Zwane: Mining Charter brings policy certainty

Zwane: Mining Charter brings policy certainty

Mineral resources minister Mosebenzi Zwane says the latest incarnation of the controversial Mining Charter is central to radical economic transformation.

Mosebenzi Zwane_gallo
File photo: Gallo Images

Zwane addressed the Black Management Council (BBC) at the Houghton Golf Estate in Johannesburg this morning.

The Chamber of Mines is heading to court to interdict the implementation of the charter, claiming the charter is illegal and unconstitutional. 

In June,  Zwane announced that 30% of companies in the mining industry must be under the control of black ownership.

"Some have said to us that 30% is not radical enough on the ownership element, and why not 50% or higher? We are clear that we do not want a continuation of what has occurred in the past, where deal that were structured only left black shareholders in debt with no real benefit being realised. Only one stakeholder has voiced their opposition to the transformation of the mining industry. And the matter is currently before our courts," Zwane told the council.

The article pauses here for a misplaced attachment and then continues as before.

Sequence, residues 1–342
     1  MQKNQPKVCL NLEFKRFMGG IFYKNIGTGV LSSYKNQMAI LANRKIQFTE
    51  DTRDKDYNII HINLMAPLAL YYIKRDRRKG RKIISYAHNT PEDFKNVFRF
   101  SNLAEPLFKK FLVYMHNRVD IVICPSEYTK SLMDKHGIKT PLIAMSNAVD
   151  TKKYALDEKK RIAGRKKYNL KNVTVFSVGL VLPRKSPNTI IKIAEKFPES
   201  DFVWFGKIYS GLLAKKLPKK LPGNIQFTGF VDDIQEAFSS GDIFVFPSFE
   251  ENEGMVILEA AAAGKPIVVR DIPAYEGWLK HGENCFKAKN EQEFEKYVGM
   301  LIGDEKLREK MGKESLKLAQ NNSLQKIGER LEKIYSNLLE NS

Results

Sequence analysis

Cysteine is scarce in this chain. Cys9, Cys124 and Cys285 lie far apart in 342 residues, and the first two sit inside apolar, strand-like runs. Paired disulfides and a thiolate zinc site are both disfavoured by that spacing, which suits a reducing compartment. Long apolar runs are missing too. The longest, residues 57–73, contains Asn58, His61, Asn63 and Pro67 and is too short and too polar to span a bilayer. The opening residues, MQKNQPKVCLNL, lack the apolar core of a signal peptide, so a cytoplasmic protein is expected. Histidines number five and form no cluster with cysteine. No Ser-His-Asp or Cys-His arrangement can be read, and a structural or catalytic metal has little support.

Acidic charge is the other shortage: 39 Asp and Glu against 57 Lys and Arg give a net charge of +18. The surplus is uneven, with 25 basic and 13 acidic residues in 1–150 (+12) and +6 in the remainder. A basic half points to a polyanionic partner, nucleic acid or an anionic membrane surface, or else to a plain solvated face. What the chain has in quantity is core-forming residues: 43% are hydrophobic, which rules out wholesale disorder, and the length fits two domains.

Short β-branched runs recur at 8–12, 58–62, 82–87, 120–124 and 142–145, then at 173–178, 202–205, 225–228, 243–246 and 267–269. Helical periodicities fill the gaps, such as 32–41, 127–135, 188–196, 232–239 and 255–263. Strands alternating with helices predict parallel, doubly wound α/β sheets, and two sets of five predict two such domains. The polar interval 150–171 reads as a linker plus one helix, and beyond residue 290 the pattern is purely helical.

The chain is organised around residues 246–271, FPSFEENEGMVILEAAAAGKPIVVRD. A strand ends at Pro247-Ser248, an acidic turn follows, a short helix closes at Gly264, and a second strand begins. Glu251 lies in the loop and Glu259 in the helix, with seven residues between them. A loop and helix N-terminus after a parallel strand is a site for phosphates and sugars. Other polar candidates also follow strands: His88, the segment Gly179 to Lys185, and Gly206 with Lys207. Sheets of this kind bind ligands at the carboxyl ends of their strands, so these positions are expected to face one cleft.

Zwane says the council that the mining sector is the key focus of government in its quest to radically change ownership patterns of the economy. 

"We must undergo a fundamental change in order for the majority of South Africans to meaningfully participate (in the economy). The mining sector has been one of the sectors at the center of this debate, more especially since the 2017 Mining Charter was gazetted in June this year.

"The charter brings about the much sought-after policy certainty that the investment community and the mining and the mining industry have been requesting from government since the review of the charter began. The targets and the timelines are clear, and we believe they are realistic and achievable."  

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